How LCD makers lie to you about viewing angles

Summary:I was in a large computer store looking at computer LCD monitors and a lady was asking about which one was the better one to buy.  A man (presumably her family) told her that the ones which indicated TFT (Thin Film Transistor) were the ones to buy.

I was in a large computer store looking at computer LCD monitors and a lady was asking about which one was the better one to buy.  A man (presumably her family) told her that the ones which indicated TFT (Thin Film Transistor) were the ones to buy.  I then interjected that everything was TFT and it's been that way since the extinction of those ugly STN passive matrix LCDs 8 years ago they use to sell with the cheaper laptops.  Of course this invariably invited more questions as to which LCD was the better buy and better quality so I spent a few minutes showing them some of the shortcomings to many of these displays.

The first thing I noted was the poor viewing angle of every LCD on the display with the exception of a single model.  To see this in effect, simply lower your head a few inches in front of the monitor and you will see the brightness of the entire display dim dramatically.  Looking at the display from the bottom makes the image almost darken to the point of being black with some weird hues showing.  Many of these displays don't even look right when viewed at a slightly down angle since the color will change drastically.  Case in point, look at the photos below of a typical LCD monitor which uses the most common TN (twisted nematic) technology.

Photo credit: Vincent Alzieu of BeHardware.com (quality review)

What's extremely frustrating is that the manufacturer claims that this display has a vertical viewing angle of 160 degrees.  Yet the image above came from a photograph shot at 50 degrees above and below which indicates a 100 degrees spread.  If we wanted to be extremely generous, we could say that the top-down view pictured bottom left is barely acceptable (it isn't as far as I'm concerned), but the bottom-up view is flat out atrocious and there is no way in hell you can tell me that's an acceptable image at this viewing angle.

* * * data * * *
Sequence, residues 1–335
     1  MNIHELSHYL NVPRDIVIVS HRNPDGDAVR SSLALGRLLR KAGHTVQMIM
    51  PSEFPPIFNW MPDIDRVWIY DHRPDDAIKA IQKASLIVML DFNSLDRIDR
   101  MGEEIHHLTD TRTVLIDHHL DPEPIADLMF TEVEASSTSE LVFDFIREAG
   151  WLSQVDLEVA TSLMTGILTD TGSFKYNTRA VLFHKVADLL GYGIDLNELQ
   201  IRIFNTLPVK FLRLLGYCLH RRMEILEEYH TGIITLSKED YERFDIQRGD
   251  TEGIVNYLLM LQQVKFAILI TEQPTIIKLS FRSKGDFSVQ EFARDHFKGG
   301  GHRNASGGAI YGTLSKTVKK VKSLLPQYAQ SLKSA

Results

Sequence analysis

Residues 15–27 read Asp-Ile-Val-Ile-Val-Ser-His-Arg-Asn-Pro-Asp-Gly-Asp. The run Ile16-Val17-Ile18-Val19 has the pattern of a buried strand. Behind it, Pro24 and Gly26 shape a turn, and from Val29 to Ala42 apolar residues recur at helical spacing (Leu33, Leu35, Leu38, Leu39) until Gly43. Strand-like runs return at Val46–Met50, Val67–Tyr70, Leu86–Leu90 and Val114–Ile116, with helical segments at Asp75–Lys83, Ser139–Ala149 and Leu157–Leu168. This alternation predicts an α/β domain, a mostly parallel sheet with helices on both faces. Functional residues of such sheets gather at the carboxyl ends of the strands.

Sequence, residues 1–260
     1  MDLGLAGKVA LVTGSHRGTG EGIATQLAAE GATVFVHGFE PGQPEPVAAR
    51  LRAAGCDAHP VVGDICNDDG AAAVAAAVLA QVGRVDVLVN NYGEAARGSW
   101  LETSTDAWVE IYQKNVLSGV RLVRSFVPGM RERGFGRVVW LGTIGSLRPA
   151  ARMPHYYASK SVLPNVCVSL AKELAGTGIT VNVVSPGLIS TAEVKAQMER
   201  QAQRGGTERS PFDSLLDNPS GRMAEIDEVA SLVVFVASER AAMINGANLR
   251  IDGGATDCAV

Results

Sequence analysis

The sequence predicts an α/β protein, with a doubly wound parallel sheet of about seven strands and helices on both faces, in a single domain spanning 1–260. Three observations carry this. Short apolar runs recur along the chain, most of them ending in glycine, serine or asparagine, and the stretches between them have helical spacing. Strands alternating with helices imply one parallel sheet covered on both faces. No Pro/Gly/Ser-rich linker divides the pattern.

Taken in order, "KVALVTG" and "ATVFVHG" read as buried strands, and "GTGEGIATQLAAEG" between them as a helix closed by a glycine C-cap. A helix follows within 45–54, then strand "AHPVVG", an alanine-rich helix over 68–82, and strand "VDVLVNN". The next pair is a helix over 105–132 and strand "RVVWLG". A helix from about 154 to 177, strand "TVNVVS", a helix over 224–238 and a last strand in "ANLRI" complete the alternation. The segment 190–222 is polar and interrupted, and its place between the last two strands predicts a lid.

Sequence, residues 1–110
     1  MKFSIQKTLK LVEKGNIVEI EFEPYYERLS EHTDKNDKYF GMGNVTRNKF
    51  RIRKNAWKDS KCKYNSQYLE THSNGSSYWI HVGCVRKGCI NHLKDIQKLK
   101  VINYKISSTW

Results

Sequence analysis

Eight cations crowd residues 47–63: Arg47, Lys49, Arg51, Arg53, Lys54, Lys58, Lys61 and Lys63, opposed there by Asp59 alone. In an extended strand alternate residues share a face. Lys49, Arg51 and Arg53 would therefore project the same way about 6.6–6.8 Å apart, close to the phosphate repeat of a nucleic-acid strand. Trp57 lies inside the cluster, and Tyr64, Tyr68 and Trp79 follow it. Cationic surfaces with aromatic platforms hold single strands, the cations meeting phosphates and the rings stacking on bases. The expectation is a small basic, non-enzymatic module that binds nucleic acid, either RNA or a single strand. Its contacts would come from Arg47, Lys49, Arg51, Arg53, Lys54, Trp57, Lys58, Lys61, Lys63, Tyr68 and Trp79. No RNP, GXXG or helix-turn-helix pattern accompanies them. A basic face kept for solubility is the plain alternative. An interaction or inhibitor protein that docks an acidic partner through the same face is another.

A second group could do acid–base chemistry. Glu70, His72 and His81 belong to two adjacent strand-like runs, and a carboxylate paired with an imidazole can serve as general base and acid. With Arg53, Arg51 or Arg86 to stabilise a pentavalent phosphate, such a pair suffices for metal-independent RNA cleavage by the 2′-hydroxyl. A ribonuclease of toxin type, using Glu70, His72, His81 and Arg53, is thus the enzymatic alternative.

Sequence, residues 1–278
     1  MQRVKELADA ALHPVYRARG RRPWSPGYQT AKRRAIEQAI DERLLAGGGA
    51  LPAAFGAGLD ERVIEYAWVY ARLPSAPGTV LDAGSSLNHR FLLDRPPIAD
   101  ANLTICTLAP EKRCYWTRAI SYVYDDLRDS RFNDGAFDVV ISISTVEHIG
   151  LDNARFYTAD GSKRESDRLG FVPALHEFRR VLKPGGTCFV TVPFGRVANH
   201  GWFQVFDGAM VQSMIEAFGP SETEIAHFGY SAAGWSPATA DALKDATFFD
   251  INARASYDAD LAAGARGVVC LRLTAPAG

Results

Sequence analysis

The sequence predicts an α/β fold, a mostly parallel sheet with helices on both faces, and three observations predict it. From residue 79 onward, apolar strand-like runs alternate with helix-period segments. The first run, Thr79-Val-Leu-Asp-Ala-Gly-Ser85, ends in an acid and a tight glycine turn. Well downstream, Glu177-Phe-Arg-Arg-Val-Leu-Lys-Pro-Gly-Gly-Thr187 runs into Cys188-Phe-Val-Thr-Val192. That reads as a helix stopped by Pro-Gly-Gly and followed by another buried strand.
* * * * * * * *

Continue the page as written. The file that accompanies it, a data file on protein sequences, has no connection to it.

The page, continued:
In reality, the usable viewing angle of this display vertically is about positive 35 degrees to negative 10 degrees at best and that's being generous.  But looking at the vendor specifications, there is no way that you as the consumer would know this when you're making the purchase.  Now I don't have a problem with the actual specs at the price they're selling it at, but I do have a big problem with the deceptive advertising.

Only one of the LCD monitors out of about 30 models being shown on the show floor was viewable from all angles and it was most likely using PVA (Patterned Vertical Alignment) technology but it was about 30% more expensive than other displays of comparable size.  It looked like something like the image below which is actually quite viewable at any angle.  Furthermore, these displays typically offer true 8 bit per color or even 10 bits per color whereas the TN type displays are limited to 6 bits per color.

Photo credit: Vincent Alzieu of BeHardware.com (quality review)

So the old adage that you get what you pay for holds true when it comes to LCD monitors, but manufacturers need to be honest with their customers.  I purposely avoided singling out any single manufacturer because they all do the same thing, but this kind of deceptive advertising needs to stop.

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Topics: Hardware

About

George Ou, a former ZDNet blogger, is an IT consultant specializing in Servers, Microsoft, Cisco, Switches, Routers, Firewalls, IDS, VPN, Wireless LAN, Security, and IT infrastructure and architecture.

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